Evan Klar (Melbourne; singer/songwriter / pop)
Staying in the same general genre, we arrive at Evan Klar, who’s had an interesting life already. Having been a session musician in London for both Charli XCX and Alex Metric, he’s experienced that side of things. Now he’s doing music for himself, having already signed a record deal with EMI Music Australia without even have played a single show: yes, really, well, unless you count his appearances last year at unofficial showcases at BIGSOUND. His debut album, which is sure to be full of his catchy pop gems, is expected later this year.

friendships (Melbourne; drum ‘n’ bass)
Some artists just make music. Some want you to have the whole experience. friendships are a duo combining the elements of sound (Nic Brown) and visual (Misha Grace) to make that happen. While it’s impossible to experience the visual aspect of their performance by simply listening to the music (unless, I guess, you’re hallucinating with or without pharmaceutical aid), the below gives me some idea of what is in store for me in Brisbane.

Golden Vessel (Brisbane; electronic / pop)
If it’s pop mixed with electronic you’re after, then Max Byrne, aka Golden Vessel, is your man. Think what Disclosure do with pop singers, and imagine Aussie pop singers brought into the mix.

Jim Lawrie (Melbourne; singer/songwriter / rock)
Is the world ready for an Australian to unseat Bruce Springsteen? Jim Lawrie is sure as hell trying to do that. Comfortable with the folkier side of rock as he is with an anthemic rock melody, he’s got an engaging voice that works with both.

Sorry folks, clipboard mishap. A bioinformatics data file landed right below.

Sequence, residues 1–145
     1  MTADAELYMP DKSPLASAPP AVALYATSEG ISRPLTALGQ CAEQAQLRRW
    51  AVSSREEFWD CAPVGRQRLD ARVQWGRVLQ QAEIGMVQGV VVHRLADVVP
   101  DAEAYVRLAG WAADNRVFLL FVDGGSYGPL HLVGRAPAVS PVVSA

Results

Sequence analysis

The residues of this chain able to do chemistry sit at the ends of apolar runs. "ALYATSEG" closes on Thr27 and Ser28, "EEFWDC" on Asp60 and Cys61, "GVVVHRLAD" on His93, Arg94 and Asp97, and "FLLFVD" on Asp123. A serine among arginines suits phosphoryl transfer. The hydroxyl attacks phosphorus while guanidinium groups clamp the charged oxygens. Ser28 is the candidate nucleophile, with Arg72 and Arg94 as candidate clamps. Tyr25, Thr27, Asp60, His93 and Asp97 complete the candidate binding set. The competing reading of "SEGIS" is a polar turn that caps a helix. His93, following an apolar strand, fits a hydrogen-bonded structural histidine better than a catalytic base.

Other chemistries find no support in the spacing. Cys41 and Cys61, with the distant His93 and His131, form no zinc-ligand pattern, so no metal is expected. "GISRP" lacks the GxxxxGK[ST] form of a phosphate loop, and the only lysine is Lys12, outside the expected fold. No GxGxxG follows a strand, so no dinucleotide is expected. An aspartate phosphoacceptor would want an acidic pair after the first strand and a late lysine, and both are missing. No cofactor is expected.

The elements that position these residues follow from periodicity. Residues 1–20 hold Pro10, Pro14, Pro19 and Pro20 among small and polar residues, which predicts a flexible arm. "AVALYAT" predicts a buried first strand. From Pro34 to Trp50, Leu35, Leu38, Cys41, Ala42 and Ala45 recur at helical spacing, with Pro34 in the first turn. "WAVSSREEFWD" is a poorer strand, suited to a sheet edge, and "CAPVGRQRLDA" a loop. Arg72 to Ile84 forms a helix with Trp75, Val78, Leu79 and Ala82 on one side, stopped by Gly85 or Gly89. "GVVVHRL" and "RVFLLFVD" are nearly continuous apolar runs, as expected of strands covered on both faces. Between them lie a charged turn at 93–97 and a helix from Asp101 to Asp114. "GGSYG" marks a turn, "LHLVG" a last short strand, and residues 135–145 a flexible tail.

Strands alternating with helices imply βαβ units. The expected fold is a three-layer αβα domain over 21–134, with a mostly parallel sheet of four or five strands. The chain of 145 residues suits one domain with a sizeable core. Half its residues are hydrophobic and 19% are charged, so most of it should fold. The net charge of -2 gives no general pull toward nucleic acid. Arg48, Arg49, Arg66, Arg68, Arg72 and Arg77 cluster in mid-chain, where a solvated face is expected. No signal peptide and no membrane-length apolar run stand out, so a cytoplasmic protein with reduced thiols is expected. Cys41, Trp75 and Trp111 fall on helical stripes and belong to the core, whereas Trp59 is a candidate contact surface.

Maddy Jane (Hobart, Tasmania; singer/songwriter / pop)
triple j are big fans of Maddy Jane’s newest single ‘No Other Way’, putting it and its predecessor ‘Drown It Out’ on regular rotation on the station. Echoes of Jenny Lewis and Liz Phair (in her poppier days, mind) ring out in her catchy, upbeat tunes that range from more straightforward pop to a louder, rockier sound.

Mammals (Sydney; dream pop / electronic)
Sydney singer, producer and multi-instrumentalist Guy Brown are the brains and feelings behind Mammals. Once a composer for advertising and film, he wanted to create for himself again, choosing to go in a direction fusing folk and pop feeling with electronic sounds. The results will pull you in.

 
 
 

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There Goes The Fear is where we tell you about the latest music, gigs, and tours we love and think you should too.

We love music that has its heart on its sleeve, tells a story, swims around our head all day or makes us dance like no-one's watching.

TGTF was edited by Mary Chang, based in Washington, DC.